To achieve results, for these traders, it pays to focus on day-trading combines with swing trading. Short-term intraday deals will provide them with necessary adrenaline, while swing trading will help to compensate for losses incurred in ill-considered transactions. The strength of such traders is quick reaction and decision-making, while their weakness is impetuosity, which turns trading into another game of chance.
Just like choleric traders, they sometimes are be fascinated by scalping. On the other hand, unlike choleric traders, they are ready for changes and switch to intraday deals much quicker. Due to excessive emotional sensitivity, they may get carried away and spoil all they achieve their monthly results in a couple of days.
It’s difficult for them to maintain mid/long-term positions due to the lack of patience, although they are much more patient than choleric and melancholic traders. Such traders have no problems with swing trading, they often change trading instruments. Sanguine traders are acceptive to losses and failures but lack perseverance in self-improvement.
Scalping in their early trading days is not a thing for phlegmatic traders; it might be good for them after, let’s say, 5 years of active practice. False promises of fantastic profits may force them to waste time studying scalping strategies (luckily, they are very persistent) but their low response rate won’t let them make quick decisions necessary for this trading method.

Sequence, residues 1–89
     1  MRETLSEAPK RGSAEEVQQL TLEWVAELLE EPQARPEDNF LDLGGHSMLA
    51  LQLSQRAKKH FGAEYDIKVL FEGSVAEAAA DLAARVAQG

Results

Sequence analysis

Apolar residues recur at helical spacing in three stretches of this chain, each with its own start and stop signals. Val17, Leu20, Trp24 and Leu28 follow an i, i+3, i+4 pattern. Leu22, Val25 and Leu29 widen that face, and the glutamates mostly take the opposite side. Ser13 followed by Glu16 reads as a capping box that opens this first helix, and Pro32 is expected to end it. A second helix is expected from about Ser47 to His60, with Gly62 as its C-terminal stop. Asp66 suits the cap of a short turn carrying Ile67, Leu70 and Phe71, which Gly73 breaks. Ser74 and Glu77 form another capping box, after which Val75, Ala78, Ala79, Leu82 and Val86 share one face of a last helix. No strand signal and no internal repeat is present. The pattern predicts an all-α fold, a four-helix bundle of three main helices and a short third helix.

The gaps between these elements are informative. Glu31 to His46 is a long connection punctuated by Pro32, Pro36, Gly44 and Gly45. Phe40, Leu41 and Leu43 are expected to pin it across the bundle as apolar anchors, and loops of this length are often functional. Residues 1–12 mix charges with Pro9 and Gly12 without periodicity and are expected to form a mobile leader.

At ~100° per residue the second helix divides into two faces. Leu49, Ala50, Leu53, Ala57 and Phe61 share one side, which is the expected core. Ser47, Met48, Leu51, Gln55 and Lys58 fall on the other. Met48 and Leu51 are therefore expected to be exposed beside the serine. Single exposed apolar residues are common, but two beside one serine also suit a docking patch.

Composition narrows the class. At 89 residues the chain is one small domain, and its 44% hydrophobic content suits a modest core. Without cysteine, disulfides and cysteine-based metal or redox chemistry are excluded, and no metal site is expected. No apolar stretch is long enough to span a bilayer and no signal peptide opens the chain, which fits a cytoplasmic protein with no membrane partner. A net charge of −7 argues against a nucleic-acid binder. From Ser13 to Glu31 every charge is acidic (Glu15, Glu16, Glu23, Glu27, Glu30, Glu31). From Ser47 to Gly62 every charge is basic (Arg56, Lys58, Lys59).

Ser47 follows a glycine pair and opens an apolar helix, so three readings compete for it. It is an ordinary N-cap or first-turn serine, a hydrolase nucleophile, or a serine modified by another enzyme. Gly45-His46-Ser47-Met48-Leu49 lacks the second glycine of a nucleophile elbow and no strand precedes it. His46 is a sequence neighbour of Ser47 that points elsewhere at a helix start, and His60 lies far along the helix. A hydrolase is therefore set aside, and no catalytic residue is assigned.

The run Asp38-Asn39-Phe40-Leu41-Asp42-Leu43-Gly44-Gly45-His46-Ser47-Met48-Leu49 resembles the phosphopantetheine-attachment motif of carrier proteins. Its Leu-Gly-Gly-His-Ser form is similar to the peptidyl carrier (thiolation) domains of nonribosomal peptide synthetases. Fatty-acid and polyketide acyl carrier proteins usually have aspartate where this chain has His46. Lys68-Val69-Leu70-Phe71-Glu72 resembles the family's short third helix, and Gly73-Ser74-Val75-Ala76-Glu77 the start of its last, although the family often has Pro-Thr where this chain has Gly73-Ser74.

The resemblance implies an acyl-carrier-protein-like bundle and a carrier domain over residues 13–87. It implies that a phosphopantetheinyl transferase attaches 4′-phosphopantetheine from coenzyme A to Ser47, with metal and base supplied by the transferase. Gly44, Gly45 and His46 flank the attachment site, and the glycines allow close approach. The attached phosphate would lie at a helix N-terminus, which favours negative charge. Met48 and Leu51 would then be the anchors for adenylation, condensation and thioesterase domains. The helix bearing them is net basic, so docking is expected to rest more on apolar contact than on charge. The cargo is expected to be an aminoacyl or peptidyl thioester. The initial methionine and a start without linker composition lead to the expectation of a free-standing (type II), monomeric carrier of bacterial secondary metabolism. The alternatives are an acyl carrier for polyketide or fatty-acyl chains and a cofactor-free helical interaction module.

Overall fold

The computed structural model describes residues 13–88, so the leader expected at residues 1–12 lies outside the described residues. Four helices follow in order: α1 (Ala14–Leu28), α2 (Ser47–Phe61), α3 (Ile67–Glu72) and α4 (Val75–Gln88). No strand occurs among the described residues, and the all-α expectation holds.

Phlegmatic traders can find more success in swing trading and they can also make decent mid/long-term investors. As a rule, phlegmatic people are very good in this area.
Melancholic traders are recommended to avoid any active trading. A good option for them is to focus on long-term investments from 1 year. The key principle is to check the terminal as seldom as possible and spend more time on sharpening skills in macroeconomic analysis. Stresses are very harmful to melancholic traders and make them want to leave the market.
Such people are very sensitive to losses, can waste a lot of time in “drawdown”, and go up in smoke eventually. Therefore, their time on the market is rather short: after incurring a loss or losing their entire deposit, melancholic traders usually decide not to be engaged in trading activities.
Our psychological reactions to market events directly depend on our temperament type. Most people come in trading being adults when this part of their personality is impossible to change.
Consider a temperament type when choosing a trading strategy? Definitively yes. Define your future trading career using the temperament alone? No, for sure. Don’t forget that any strategies should be tested on a demo account first and only after that applied to real trading.